This is how a Russian social network spread the #SyriaHoax conspiracyPublished By: 24newsmedia
A conspiracy theory about whether a chemical weapons attack was actually perpetrated by Syrian President Bashar al-Assad started making the rounds shortly after that tragic incident shocked the world.
Surprise, surprise, now we know Russian social media posts fueled that conspiracy, according to ABC.
SEE ALSO: Trump remembers what cake he ate but not what country he bombed and help us somebody please
The conspiracy started with a pro-Assad website in Lebanon.
Al-Masdar News published a story about supposed problems in the evidence that Assad's government was the group behind the chemical attack, even though the governments of many nations have little doubt about the perpetrator.
As many pro-Assad folks do, the website attacked a Syrian rescue group known as The White Helmets. The group — known for their headgear and their willingness to save civilians after government attacks collapse buildings — provided evidence that the chemical attack was perpetrated by Assad's forces. But the article derided them as "al-Qaeda-affiliated," and concluded that the chemical weapons attack allegation wasn't true.
That's when Russian social media accounts picked up the thread, and it didn't take long before alt-right and conspiracy theorist guru Mike Cernovich found the story and promoted it with the hashtag, #SyriaHoax. Soon, that hashtag was trending across the United States.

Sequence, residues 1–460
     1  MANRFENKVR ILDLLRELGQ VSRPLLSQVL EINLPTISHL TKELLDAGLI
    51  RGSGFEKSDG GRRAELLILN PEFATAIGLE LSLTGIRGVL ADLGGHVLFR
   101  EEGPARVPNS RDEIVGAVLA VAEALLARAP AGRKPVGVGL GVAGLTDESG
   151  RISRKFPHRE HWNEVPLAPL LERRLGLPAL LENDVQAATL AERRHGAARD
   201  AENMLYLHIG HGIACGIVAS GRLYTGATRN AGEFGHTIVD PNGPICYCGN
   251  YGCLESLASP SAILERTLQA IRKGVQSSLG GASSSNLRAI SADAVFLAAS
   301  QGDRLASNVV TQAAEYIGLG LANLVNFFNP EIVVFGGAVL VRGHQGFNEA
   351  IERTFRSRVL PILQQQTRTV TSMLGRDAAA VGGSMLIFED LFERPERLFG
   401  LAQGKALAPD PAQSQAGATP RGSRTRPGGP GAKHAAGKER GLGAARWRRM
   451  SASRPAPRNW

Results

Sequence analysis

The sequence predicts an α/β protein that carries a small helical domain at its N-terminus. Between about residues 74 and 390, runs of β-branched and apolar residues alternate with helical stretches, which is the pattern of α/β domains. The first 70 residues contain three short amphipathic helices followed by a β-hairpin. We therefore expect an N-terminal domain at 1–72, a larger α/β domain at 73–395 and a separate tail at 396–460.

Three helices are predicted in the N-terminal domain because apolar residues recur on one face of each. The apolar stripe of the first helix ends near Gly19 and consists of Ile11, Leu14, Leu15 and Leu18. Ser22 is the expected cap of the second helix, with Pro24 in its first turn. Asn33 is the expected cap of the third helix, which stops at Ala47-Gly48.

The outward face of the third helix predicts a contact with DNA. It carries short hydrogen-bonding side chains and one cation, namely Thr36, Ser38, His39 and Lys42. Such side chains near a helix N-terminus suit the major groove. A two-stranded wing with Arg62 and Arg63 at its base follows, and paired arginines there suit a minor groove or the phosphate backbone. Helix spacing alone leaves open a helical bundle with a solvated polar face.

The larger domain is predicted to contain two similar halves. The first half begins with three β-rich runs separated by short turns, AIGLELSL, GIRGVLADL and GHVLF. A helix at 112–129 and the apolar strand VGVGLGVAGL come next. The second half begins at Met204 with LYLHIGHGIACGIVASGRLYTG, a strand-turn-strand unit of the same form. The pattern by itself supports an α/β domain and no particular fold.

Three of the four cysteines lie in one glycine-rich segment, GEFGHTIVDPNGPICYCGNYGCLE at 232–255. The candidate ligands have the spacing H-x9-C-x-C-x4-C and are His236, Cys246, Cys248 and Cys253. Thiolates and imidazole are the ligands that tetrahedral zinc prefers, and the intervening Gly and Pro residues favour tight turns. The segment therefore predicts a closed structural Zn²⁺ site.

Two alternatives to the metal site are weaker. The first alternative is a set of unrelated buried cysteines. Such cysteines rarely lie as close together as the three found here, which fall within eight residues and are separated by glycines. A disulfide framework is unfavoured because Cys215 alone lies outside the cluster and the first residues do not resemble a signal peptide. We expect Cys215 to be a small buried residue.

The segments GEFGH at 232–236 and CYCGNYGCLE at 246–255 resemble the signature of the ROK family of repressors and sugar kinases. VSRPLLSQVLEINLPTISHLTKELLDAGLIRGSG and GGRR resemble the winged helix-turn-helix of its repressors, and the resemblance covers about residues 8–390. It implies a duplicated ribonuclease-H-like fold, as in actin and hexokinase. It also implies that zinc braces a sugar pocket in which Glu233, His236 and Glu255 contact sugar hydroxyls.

Cernovich latching onto the story should tell the rest of us that its credibility is pretty damn questionable. The man is also a #pizzagate truther, which means he claims to believe Hillary Clinton's campaign ran a child sex ring out of a pizza place in Washington, D.C. Cernovich is also a rape apologist, and has said Clinton has Parkinson's disease.
Though analysts didn't tie the promotion of #SyriaHoax to the Russian government, the Kremlin is skilled in the art of propaganda. Witnesses at a recent Senate hearing demonstrated how the Russian government promoted false news stories during the United States' 2016 election and systematically leaked information about candidates that they obtained by hacking into the emails of campaign officials.
This misinformation campaign would only be the latest.